By Dan Coulter
I’ve heard many parents of children with Asperger Syndrome talk about their kids’ sense of humor. This may be because a lot of humor comes from seeing things from a different perspective. Both my son, Drew, and I have Asperger Syndrome, so my wife and daughter have years of experience dealing with our intentional and unintentional comedy.When Drew was little, Sesame Street often taught Spanish words along with English words. On a visit to see Drew’s grandparents, his proper Southern grandmother (who has the grandkids call her “Mimi”) asked in a delicate way if he needed to go to the bathroom, “Drew, do you need to go tee tee before you go to bed?”Drew looked up at her seriously, “Mimi, is that Spanish for pee pee?”When Drew was a teenager, he was, well, a teenager. I remember one exchange with his mom, Julie.“Drew, what time do you want me to pick you up?” Julie asked.“I TOLD you, 2 p.m.” Drew sounded exasperated.“But you know I’m getting senile,” Julie joked.“Why don’t you ever get senile when I need it?” Drew grinned.Some of these interactions are really funny. Some are just kind of amusing –- or confusing. You can wonder how a young person who is very literal in some ways can sometimes make jokes involving the multiple meanings of words.The other day, Julie and I were talking about politics and one of us mentioned a lack of congressional oversight on some issue.“Oh, there’s PLENTY of oversight!” Drew interjected, shading his inflection to suggest that Congress was overlooking problems.Sometimes children with Asperger Syndrome are great mimics. I know of a young man who memorizes Jeff Foxworthy routines word for word and entertains his family. In conversation, Drew will frequently quote applicable funny lines from movies.Johnny Carson used to kid about breaking the comedy rule and telling one joke too many. Sensing when to stop can be a real challenge for children with Asperger Syndrome. So can sensing what’s appropriate for what audience. Then, of course, there’s the issue of kids with Asperger Syndrome understanding other people’s humor and getting their jokes.While this can be complicated, helping your children break the code on humor can be a tremendous bridge to social acceptance. It’s worth some lessons. Yes, lessons. You could do this yourself, or find a social skills class that covers this territory. Teaching children how to tell a story and how to gauge listener reaction and when to stop talking. Whether or not they like to perform themselves, helping children understand how important it is to show appreciation for other people’s humor. Explaining jokes that children don’t get to help them see why they are funny. When you think about how often people joke around at school or in a workplace, you can appreciate just how important this can be to your child with Asperger Syndrome. Where to start? If you have small children, one of my personal favorite kid jokes is the interrupting cow story told to me years ago by my daughter, Jessie.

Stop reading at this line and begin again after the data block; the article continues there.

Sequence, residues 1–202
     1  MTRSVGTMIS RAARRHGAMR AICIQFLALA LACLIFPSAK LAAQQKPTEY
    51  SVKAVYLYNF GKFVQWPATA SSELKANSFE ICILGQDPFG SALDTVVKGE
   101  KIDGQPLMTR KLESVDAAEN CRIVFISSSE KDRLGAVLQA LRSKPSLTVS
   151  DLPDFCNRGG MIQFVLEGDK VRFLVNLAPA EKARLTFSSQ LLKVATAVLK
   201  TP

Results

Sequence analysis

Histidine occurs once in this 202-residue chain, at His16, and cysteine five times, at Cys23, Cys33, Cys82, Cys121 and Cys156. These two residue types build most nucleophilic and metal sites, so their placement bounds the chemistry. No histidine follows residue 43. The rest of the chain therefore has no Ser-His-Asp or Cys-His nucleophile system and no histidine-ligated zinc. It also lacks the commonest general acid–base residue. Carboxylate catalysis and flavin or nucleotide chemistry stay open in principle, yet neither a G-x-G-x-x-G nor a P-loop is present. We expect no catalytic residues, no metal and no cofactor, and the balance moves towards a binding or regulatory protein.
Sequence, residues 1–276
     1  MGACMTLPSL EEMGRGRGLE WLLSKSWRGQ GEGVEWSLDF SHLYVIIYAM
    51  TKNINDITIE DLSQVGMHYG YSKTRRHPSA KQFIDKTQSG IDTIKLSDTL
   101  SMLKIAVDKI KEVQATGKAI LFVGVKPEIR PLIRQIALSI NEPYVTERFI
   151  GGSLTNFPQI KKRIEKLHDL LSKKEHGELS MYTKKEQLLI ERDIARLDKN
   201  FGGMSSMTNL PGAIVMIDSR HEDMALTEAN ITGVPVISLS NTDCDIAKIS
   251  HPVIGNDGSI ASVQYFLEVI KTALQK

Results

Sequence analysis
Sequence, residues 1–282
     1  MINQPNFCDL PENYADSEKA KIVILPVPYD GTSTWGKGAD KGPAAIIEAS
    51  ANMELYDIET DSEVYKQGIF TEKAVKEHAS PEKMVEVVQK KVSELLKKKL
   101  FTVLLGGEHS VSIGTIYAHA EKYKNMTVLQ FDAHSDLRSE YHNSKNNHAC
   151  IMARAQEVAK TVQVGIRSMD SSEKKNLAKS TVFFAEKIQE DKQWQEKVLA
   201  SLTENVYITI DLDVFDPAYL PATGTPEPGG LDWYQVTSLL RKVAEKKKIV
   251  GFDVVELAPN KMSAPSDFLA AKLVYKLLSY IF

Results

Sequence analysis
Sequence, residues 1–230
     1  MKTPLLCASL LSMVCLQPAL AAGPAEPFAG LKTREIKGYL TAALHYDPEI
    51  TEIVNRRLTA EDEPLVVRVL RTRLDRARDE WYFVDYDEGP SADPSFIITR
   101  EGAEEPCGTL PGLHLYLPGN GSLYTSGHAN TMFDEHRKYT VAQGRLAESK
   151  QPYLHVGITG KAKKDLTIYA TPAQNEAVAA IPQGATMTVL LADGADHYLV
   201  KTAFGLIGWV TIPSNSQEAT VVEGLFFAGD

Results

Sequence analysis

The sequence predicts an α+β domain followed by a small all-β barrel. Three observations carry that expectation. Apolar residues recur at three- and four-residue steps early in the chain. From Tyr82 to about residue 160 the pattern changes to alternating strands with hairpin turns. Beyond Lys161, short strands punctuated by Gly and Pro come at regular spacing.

JESSIE: Knock, knock!
ME: Who’s there?
JESSIE: The Interrupting Cow.
ME: The Interrupting…
ABOUT THE AUTHOR: Dan Coulter is the producer of ten DVDs designed to help people with Asperger Syndrome and autism, including “Manners for the Real World: Basic Social Skills." You can read more of Dan’s articles on his website: coultervideo.com.
Copyright 2010 Dan Coulter All Rights Reserved. Used by Permission.